The growing scholarship on the Kyoto School of Japanese Buddhist philosophy has brought it to the attention of more and more people in the West, but in the process, the Kyoto School has acquired a fixed identity. It is usually depicted as centered around three main figures—Nishida Kitarō, Tanabe Hajime and Nishitani Keiji—and concerned with the philosophy of nothingness. In fact, however, as the thirteen scholars in this volume show, the Kyoto School included several other members beside the inner circle of three, and these members were concerned with a wide range of philosophical issues beyond the philosophy of nothingness. The range and variety of these essays give a much more realistic picture of the many fronts on which the Japanese encountered Western philosophy.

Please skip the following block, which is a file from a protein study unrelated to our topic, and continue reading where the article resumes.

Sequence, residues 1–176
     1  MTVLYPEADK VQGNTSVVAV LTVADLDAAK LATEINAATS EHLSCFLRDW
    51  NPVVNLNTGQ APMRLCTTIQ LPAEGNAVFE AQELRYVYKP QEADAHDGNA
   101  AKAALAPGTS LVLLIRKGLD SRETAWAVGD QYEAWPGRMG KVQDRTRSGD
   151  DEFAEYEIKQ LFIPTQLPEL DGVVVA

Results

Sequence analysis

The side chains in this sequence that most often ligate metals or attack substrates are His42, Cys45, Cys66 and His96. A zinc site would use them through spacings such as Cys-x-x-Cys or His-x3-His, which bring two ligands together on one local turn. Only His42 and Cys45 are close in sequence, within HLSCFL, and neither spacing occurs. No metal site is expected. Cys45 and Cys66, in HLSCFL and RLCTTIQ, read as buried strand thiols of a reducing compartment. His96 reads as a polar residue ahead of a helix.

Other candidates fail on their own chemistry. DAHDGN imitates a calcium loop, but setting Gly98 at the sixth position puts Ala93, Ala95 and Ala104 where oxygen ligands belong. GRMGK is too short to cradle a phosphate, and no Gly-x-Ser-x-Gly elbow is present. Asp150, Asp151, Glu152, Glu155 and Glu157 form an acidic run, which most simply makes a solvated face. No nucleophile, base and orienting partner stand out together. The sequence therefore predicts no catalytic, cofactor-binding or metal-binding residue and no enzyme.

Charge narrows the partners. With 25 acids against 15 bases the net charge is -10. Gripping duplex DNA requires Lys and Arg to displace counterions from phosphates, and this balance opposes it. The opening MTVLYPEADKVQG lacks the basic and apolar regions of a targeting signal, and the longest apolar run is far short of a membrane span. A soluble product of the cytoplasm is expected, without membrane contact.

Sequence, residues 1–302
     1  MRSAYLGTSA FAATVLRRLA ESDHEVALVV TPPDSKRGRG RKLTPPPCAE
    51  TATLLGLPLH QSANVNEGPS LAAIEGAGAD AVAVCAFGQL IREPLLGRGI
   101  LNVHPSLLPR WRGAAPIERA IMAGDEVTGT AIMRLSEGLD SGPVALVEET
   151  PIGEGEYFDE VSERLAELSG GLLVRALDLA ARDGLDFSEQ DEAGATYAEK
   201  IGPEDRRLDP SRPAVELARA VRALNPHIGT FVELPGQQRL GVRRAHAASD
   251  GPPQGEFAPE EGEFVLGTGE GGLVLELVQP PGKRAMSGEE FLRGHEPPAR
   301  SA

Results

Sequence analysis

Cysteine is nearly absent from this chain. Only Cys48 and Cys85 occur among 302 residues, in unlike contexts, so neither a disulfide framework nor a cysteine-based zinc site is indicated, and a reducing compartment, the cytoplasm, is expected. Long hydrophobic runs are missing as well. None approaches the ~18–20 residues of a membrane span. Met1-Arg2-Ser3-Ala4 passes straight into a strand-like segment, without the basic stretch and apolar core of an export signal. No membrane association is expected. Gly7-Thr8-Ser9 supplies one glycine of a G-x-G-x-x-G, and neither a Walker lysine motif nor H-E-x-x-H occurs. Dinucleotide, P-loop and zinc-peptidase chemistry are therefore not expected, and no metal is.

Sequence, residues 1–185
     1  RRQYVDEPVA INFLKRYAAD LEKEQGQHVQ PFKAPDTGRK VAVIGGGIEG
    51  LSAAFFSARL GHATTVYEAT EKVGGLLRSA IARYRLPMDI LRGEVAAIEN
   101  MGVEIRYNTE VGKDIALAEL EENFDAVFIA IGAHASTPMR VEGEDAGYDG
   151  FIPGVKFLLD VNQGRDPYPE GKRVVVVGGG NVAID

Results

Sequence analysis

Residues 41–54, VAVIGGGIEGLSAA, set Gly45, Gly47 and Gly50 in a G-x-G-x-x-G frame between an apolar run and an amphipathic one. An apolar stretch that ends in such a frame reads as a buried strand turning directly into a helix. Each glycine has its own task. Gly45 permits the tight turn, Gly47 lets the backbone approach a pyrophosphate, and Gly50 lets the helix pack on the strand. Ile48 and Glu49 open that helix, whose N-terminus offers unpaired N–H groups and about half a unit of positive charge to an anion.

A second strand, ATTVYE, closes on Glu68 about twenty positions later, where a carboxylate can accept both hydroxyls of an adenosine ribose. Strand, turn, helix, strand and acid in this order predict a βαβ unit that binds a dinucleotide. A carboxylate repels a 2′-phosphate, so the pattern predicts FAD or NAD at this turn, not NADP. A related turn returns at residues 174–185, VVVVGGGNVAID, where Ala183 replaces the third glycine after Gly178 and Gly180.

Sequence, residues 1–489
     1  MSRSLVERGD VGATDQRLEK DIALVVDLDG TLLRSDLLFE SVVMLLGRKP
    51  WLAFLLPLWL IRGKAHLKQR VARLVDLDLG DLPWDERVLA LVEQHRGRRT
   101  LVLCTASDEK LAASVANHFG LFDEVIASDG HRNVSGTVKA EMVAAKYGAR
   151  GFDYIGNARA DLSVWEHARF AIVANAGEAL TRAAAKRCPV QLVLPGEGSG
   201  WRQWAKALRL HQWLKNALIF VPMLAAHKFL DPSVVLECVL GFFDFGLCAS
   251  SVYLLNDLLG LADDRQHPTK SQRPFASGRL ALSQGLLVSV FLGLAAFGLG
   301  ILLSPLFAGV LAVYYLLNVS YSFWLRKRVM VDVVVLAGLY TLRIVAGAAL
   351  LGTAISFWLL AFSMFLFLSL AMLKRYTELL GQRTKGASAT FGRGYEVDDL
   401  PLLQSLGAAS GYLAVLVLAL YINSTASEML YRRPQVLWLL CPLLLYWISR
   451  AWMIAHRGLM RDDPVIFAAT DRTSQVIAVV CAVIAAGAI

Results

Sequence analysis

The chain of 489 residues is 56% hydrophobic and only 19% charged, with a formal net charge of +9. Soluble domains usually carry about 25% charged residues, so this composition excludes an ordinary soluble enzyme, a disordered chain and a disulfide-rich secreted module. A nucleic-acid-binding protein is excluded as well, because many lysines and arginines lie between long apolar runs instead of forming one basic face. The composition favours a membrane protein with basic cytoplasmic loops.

The Table of Contents and Introduction are available for downloading.
Individual essays may also be downloaded free of charge from the cumulative list of essays on Japanese Philosophy.